These 6 Freelancing Opportunities May Save Your 2020

by Christina Ward 14 days ago in list

Writers and would-be writers are taking career risks that can pay off

These 6 Freelancing Opportunities May Save Your 2020
Image by Free-Photos from Pixabay

The pandemic has us all scrambling for new ways to bring in some extra income. Freelancing opportunities are great ways for even a mediocre writer and creative person to bring in a little extra cash in these uncertain times.

2020 is Terrible--But You Can Make Something of It

The year 2020 will go down in history as that one year we all hated. Earlier this year when my 10-year relationship took a nosedive, I found myself unemployed, dead broke, and living with my mother. I needed income and I needed it fast. Nursing some chronic health problems and driving around in my $400 car (yes that was the total price) put me in a delicate position for trying to find work outside the home. Plus, you know, there's a pandemic.

I'd been writing on Medium.com for about a year and a half and had a lot of writer friends. I'd been doing a bit of freelancing work as well, but the few hundred dollars a month were certainly insufficient to support me. In July, I launched Fiddleheads & Floss Writing services and turned my meager income into a few thousand a month. The bridge from writing as a hobby to writing for a living was paved with sheer determination and a bit of skill.

Here's how I managed to monetize, find work, and create a full time writing career for myself, quickly becoming a highly sought after writing professional. Yes, you can do it too!

Full Time Writing Work You Can Get Into TODAY

Fiverr

Fiverr is an online platform for writers and creative professionals. You create a profile, design "gigs" to sell your services, and wait for the orders to come in. A bit of advice; have someone you know place a few orders even if you have to privately refund their money. Why? Because to get your Fiverr going you will need some nice reviews.

The Pros:

  • Clients come to you
  • Fiverr handles the payment process
  • You can go "out of office" if you are busy
  • There's plenty of work to go around
  • You control the services you offer and the pricing
  • You can earn your way to Level One, Level Two (etc.) seller status which gives you greater perks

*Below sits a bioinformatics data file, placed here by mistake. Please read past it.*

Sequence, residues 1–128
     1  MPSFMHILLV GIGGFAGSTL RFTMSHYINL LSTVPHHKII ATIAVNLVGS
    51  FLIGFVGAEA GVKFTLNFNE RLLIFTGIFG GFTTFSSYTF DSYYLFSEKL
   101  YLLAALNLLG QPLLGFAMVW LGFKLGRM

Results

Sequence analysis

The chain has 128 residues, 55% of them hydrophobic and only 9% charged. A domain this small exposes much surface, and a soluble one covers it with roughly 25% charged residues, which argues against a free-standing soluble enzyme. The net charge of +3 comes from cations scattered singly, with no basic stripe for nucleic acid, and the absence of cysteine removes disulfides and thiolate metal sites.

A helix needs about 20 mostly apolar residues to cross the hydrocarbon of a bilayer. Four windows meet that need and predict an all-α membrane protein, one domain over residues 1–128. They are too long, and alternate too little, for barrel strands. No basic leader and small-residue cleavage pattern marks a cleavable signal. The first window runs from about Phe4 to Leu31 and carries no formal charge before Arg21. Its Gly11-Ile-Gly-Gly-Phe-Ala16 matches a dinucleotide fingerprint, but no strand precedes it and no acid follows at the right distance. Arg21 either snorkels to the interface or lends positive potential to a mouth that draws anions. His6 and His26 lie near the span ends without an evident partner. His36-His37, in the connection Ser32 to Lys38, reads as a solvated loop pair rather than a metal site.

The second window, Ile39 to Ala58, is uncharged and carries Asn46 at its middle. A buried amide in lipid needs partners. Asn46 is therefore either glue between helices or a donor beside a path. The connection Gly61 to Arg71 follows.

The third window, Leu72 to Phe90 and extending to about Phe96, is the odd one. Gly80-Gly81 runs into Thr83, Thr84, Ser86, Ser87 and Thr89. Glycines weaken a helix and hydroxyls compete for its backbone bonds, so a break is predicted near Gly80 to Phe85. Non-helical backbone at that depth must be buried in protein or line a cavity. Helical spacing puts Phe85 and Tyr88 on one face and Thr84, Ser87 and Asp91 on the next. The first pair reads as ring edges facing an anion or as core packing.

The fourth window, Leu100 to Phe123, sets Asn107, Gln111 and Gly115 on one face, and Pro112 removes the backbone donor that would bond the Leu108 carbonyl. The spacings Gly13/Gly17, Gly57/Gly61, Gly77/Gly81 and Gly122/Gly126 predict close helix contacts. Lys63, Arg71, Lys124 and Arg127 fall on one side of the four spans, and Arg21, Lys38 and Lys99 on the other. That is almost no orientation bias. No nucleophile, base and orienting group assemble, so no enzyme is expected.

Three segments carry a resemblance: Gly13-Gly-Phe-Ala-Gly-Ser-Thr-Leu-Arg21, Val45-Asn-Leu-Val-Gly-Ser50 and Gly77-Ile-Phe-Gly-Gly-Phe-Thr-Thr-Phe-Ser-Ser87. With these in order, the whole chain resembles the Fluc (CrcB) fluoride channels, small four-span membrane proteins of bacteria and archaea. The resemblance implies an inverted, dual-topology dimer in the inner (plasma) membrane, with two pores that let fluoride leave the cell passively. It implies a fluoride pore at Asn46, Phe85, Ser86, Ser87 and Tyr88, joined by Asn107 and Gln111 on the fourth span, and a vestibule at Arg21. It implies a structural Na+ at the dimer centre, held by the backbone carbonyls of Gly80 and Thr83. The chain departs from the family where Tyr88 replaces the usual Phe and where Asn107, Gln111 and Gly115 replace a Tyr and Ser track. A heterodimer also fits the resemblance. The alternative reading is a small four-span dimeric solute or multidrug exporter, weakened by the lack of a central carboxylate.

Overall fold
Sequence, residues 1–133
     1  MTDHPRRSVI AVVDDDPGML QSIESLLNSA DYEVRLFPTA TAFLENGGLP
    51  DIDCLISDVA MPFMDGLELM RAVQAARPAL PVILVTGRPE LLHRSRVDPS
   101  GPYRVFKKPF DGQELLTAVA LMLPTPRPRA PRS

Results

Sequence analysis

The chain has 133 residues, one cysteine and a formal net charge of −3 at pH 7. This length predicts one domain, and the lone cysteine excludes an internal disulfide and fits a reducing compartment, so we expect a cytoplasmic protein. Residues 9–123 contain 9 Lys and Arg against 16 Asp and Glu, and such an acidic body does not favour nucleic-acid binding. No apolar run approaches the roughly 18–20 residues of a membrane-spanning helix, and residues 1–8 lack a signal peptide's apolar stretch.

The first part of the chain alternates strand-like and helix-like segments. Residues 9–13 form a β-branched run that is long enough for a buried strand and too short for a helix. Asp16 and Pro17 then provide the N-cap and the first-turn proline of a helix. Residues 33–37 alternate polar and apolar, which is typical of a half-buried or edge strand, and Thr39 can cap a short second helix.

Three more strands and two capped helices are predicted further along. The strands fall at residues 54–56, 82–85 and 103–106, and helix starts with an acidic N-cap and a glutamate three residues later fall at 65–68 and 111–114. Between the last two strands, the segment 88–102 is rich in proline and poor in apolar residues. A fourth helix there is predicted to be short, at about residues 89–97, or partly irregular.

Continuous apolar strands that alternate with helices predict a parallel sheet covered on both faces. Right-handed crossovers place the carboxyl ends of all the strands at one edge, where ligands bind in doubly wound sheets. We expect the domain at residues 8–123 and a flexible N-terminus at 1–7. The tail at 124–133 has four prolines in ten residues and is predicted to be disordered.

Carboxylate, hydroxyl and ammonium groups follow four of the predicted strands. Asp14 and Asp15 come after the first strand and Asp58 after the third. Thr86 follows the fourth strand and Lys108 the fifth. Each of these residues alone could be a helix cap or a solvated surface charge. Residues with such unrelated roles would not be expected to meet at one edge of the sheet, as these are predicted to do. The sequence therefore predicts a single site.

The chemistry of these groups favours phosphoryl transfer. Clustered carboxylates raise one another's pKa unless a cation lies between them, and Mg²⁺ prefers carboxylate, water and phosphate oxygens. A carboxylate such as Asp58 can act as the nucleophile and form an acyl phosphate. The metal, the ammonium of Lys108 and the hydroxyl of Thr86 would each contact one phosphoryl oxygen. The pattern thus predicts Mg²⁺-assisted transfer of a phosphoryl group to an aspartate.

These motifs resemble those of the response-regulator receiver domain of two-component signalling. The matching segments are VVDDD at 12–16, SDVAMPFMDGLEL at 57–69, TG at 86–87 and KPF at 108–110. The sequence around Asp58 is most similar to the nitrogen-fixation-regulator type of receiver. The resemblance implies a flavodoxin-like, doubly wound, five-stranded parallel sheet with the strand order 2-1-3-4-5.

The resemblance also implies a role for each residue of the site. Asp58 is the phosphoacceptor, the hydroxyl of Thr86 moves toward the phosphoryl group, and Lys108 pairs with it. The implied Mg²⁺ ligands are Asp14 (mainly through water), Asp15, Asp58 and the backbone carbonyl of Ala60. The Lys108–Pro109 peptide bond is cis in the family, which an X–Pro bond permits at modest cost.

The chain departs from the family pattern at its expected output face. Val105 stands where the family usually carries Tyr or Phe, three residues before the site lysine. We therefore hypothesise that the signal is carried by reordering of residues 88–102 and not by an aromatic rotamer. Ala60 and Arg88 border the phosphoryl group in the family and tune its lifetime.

• The sky is the limit for earnings (A friend of mine made over 22K last month!)

The Cons:

  • It is a bit hard to get those first clients
  • Clients can place orders with you without your preapproval; you must complete them to keep your seller stats up
  • Fiverr takes a cut of your pay (up to 20% which adds up, especially on those big orders)
  • You have to be available. You get "dinged" if you don't respond to clients right away
  • You have to compete with people willing to work for pennies
  • It takes some time for your earnings to become available for withdrawal

Here is a step-by-step guide for how to get started on Fiverr.

UpWork

UpWork is similar to Fiverr, but you will create a profile there, cruise the job boards and apply for the jobs you want using "connects" that you purchase from UpWork. The competition is fierce but you can find real-life writing work here. Once again, you start on the bottom rung and work your way up.

The Pros:

  • There are a lot of work opportunities and some pay very well
  • UpWork handles the payment process
  • You can work within a niche, build a profile to your strengths, and do the jobs you want to do
  • The sky is the limit for earnings if you work hard
  • Clients can invite you to interview for a position
  • You can find ongoing jobs easier on UpWork than on Fiverr

The Cons:

  • It is a bit hard to get those first clients
  • You have to pitch yourself for jobs and compete with other applicants
  • UpWork takes a cut of your pay
  • You have to compete with people willing to work for pennies
  • It takes some time for your earnings to become available for withdrawal

Freelancer

Freelancer works much like UpWork, though I have less experience on the site. You can pay a monthly fee to give you more opportunities to apply for work. The job board gives you a wide variety of work for which you can apply very much like a "pitch" for your services.

The Pros:

  • There are a lot of work opportunities and some pay very well
  • Freelancer handles the payment process
  • The sky is the limit for earnings if you work hard

The Cons:

  • It is a bit hard to get those first clients
  • You have to pitch yourself for jobs and compete with other applicants